FOR WEEKS, deep-pocketed advocates for school vouchers - tax dollars to help students attend private or religious schools - in Pennsylvania sold their scheme as the only way for poor children to escape failing urban public schools.
Then some leading tea-party groups objected to the legislation slowly snaking its way through Harrisburg.
Their objection: The plan was too generous to poor children.
The head of the tea-party group UNITEPA wrote to lawmakers that the then-version of Senate Bill 1 wasn't helping middle-class families enough but was "creating another government program which gives a small segment of the population special rights."
A short time later, Gov. Corbett - a leading voucher advocate - and Senate leaders reached a new compromise that critics say is designed to reduce the amount of vouchers in low-income districts like Philadelphia and give the excess dollars to families in more affluent districts.
The little-noticed change is typical of what has become a mega-million-dollar stealth push - heavily funded by out-of-state, right-wing millionaires and billionaires - to make Pennsylvania into a national proving ground for school choice.
In little more than a year, activists like Michigan's Betsy DeVos, of the Amway fortune; the heirs of Wal-Mart founder Sam Walton; and three wealthy Main Line hedge-fund traders have doled out an astonishing $6-million-plus in campaign cash to top Harrisburg pols, while they and allies have spent millions more on rallies, inflammatory mailers and lobbyists.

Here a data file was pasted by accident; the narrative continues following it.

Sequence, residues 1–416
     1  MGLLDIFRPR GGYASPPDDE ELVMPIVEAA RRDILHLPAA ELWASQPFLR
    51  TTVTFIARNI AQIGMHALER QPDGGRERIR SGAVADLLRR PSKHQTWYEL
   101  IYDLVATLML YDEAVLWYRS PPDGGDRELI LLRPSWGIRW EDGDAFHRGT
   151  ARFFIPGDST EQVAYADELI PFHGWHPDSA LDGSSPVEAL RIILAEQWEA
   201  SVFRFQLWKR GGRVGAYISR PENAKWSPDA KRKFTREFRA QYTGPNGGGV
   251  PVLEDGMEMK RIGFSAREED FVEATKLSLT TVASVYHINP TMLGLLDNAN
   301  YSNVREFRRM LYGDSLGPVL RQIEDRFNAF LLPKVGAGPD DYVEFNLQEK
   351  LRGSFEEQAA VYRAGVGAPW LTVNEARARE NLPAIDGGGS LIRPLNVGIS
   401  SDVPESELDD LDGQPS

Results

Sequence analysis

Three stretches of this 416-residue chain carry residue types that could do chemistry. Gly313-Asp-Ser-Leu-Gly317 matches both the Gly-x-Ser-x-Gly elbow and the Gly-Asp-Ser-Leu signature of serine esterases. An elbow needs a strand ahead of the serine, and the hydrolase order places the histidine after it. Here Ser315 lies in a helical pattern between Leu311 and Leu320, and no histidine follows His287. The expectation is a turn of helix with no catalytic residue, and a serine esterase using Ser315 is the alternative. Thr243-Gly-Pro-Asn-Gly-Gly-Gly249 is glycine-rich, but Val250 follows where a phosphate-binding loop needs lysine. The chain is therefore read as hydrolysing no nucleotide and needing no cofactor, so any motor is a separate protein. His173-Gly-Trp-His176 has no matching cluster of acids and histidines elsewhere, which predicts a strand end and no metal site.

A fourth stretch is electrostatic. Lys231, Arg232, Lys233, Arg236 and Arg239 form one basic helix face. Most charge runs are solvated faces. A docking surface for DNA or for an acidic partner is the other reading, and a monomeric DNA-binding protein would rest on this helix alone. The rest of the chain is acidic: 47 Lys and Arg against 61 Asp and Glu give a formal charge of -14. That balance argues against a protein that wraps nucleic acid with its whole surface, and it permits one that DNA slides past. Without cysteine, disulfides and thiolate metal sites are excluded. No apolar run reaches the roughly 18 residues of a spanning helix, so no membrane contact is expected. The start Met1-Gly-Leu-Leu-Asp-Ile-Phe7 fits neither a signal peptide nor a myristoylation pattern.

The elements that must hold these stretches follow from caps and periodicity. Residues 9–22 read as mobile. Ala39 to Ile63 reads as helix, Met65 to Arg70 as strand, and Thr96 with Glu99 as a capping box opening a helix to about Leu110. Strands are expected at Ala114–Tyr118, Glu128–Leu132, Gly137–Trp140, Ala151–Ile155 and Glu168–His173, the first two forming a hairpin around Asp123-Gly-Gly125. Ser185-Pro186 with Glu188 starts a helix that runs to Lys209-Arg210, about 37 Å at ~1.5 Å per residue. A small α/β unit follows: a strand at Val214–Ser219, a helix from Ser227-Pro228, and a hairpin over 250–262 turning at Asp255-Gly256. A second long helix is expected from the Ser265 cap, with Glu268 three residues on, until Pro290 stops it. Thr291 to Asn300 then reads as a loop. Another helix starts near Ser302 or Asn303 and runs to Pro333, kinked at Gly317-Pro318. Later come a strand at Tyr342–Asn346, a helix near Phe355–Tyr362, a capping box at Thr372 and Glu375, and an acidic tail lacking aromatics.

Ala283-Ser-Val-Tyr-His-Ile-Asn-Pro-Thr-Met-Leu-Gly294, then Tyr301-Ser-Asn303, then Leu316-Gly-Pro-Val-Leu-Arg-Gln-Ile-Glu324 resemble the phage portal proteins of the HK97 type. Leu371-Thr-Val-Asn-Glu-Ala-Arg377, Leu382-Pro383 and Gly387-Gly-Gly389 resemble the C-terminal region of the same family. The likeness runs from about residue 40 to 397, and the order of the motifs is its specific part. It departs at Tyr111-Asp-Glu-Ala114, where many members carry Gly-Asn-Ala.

In doing so, they've managed to put a voucher program, which would take hundreds of millions of dollars from public schools and shift them to private or parochial schools, on the political front burner - even as those same public schools are facing draconian budget cuts.
Earlier this month, supporters of the state Senate's ambitious voucher program postponed a vote on the plan - perhaps until the fall - as they struggled to work out differences with the state House, where leaders would rather expand a less ambitious tax-credit program.
But critics of the voucher proposals don't expect it to go away - not with the enthusiastic backing of Corbett, whose campaign has received at least $50,000 from the pro-voucher Students First PAC, and from other lawmakers drenched in political dough.
They say that in wooing tea-party activists and rural and suburban lawmakers, Harrisburg has increasingly moved the voucher plan away from what advocates say it is - a last-ditch rescue plans for students in troubled schools in Philadelphia and other cities - and toward a cash giveaway to middle-class kids who would have attended religious or private schools anyway.
What's more, they charge that some of the wealthy backers of vouchers don't want to help struggling public schools. They want to destroy them.
"The driving force is the big money from the free-marketeers," said Rob Boston, of Americans United for Separation of Church and State, who has been monitoring the pro-voucher movement for years.